I was in a cab racing across Manhattan when I spotted him: A pale, disheveled figure lurching across East 23rd Street. His hair was a messy tangle that looked like it hadn’t been combed in weeks. His clothes were rumpled and stained as though he had spent the night on a park bench.
My 16-year-old son and I were driving through the Utah desert last week, embarking on the last leg of eight days in the Southwest to see canyons and other attractions we New Englanders get out of Dodge once in a while to see. We’d been on the road for several hours.
"Dad, where are we staying tonight?"
"Don’t know, Grasshopper. I’m sure we’ll find someone happy to take our money for a room between here and the airport, which is a good 300 miles away."
Three meetings, two conference calls and a Webex — and it’s only Monday. Sound familiar? You’re not the only one. According to a 2007 study conducted by Banyan Way, an executive coaching and development group, senior marketing executives claimed to spend about half of their normal working day, every day, in meetings.
Last month was the 18th anniversary of Sam Kinison’s death. Kinison, a former revival preacher, was known for his fire and brimstone comedic delivery and trademark scream. I was thinking of the late great comedian recently while writing a capabilities piece for our agency — an e-doc on how we’ve helped clients build a stronger web presence. It seems to me Kinison’s classic bit on solving world hunger offers an important lesson on the topic:
According to the 2010 Brand Keys Customer Loyalty Engagement Index (a listing of the brands best able to engage customers and create loyal customers), Apple leads the pack in the categories of laptop computers and smart phones. As an avid user of an Apple laptop, I wasn’t too surprised.
As marketers, we are in the business of converting wants into needs and needs into wants. We create images and words that support the ability of a product or service to improve the way something is currently done or to fill voids, both those that have existed forever and those that have been left by the failure of something else.
My colleagues here at Seidler Bernstein know one of my dirty little secrets: I like to collect slogans from trucks and vans.
Okay, maybe it’s not all that sinister. More like a guilty pleasure. Because it’s fun for a brand strategist like me to see how some businesses summarize what they’re all about in one line. Really, those billboards rolling down the highway are in effect the front lines of Brand America. We’re constantly exposed to their messages.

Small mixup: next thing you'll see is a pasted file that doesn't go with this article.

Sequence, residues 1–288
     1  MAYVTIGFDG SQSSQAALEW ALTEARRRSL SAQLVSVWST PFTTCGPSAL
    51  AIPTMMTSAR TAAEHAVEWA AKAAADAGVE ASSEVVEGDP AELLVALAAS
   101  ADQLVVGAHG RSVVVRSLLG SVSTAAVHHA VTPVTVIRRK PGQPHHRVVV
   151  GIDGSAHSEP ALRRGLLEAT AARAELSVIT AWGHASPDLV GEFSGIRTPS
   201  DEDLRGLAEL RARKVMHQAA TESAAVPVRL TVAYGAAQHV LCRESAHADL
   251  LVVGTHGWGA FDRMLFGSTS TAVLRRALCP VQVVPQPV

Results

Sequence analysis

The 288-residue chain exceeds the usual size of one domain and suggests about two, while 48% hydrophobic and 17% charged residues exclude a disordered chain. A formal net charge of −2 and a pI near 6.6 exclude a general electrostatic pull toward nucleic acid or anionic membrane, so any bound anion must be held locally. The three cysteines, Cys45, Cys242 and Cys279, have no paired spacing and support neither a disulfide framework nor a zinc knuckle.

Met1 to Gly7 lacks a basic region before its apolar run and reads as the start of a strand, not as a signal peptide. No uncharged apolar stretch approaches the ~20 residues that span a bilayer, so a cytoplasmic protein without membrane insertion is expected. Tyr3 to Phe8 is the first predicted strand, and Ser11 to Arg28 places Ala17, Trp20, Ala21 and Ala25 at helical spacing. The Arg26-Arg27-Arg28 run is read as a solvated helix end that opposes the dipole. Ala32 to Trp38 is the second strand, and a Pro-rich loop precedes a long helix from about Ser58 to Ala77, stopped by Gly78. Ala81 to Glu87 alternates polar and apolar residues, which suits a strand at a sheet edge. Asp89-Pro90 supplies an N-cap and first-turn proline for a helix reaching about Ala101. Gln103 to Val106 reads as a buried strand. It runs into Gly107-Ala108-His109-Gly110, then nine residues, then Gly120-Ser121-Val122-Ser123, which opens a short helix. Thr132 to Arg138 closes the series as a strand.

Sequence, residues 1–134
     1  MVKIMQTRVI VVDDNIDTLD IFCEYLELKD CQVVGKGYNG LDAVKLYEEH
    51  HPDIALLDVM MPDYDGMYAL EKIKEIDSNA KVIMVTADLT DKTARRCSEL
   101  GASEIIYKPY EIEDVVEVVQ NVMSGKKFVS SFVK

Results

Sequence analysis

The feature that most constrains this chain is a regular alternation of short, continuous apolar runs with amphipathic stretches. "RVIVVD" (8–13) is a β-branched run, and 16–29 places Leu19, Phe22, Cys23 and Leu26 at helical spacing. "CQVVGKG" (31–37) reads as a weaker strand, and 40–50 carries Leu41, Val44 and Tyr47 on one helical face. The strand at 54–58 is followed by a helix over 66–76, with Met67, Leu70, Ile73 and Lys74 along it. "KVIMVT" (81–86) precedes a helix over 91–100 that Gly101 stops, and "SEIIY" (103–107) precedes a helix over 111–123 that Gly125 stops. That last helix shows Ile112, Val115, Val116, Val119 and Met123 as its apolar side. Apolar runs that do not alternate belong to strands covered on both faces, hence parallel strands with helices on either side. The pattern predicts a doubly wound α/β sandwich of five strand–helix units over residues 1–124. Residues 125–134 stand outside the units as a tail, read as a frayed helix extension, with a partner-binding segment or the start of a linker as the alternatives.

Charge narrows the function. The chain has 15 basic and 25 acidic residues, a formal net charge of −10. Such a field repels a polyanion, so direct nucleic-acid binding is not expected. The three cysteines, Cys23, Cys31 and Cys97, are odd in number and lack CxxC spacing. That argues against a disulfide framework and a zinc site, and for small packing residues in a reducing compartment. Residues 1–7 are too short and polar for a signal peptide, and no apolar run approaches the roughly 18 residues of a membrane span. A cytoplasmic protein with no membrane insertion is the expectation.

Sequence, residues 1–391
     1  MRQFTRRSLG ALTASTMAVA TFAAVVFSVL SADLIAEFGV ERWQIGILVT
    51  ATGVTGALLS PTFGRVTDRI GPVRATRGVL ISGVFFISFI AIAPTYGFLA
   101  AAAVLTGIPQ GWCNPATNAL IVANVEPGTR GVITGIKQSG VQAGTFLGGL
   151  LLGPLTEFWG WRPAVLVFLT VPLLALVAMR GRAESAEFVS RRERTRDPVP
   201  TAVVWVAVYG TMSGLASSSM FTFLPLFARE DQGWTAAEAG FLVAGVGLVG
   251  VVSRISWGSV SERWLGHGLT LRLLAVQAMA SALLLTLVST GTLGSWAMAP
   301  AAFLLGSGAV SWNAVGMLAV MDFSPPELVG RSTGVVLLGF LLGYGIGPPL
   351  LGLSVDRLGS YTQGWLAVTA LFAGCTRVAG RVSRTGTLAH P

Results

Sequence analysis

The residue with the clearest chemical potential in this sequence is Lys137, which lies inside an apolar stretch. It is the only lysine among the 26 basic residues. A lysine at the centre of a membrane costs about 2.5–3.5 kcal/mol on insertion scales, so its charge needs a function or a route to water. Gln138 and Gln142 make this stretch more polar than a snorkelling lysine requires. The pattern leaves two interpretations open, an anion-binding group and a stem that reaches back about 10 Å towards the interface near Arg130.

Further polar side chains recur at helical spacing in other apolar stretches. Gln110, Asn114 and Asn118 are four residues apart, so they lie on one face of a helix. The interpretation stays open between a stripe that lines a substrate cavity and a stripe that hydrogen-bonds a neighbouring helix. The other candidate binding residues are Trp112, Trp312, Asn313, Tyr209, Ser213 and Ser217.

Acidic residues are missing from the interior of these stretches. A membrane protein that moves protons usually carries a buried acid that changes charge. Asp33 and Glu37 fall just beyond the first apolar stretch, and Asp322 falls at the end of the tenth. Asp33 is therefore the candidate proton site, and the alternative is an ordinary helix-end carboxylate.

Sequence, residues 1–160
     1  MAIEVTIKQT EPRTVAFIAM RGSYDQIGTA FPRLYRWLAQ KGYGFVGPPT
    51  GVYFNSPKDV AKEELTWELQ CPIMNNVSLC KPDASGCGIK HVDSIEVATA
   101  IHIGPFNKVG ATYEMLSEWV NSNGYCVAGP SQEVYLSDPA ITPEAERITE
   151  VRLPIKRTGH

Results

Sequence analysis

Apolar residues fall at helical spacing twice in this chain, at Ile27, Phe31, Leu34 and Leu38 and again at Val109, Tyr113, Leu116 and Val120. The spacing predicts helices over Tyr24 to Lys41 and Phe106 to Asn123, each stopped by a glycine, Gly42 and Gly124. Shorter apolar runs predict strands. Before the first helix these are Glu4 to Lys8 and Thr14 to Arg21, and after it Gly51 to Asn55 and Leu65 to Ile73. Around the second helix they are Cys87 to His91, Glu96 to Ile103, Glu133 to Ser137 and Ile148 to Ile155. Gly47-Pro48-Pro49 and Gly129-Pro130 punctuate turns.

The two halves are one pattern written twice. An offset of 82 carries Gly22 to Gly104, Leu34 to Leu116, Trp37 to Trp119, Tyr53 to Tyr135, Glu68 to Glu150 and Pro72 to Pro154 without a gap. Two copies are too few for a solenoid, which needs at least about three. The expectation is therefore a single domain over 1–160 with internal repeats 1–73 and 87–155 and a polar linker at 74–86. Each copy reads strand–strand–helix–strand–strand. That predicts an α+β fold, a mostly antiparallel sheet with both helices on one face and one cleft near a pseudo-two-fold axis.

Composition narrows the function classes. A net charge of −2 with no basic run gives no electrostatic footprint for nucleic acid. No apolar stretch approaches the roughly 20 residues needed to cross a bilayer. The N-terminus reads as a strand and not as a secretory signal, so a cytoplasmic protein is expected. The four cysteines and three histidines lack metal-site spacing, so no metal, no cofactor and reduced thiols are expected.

I was selected to serve jury duty recently. After sitting through a month-long medical malpractice case as Juror No. 2, I not only have a greater appreciation for our judicial system but a renewed respect for physicians, also known as your customers.
The plaintiff was a 76-year-old man claiming that the defendants, three physicians, were responsible for his paralysis from the waist down as a result of a delayed diagnosis that occurred seven years ago.
There’s an old saying in advertising: “Nothing kills a bad product faster than good advertising.” In other words, great marketing will get people talking about your product. But if they have a less-than-amazing experience, it could be the kind of talk you don’t want. This is especially true today, in the age of social media, when bad news travels even faster.
Remember the famous line from Cool Hand Luke, “What we’ve got here is failure to communicate”? Too often that can be the case between the people creating your marketing materials and the people who actually have to use them — in other words, the marketing and sales departments, respectively.
We were meeting with a client — more specifically, with the president, marketing communications director and consulting executive. We were vying to come up with a name for a new surgical product and had been at it for about an hour. We wondered how the name might change when line extensions came into play down the road. And so of course the talk naturally turned to shaving.
“What we’re talking about here is not unlike how shaving companies name their products,” the consultant said.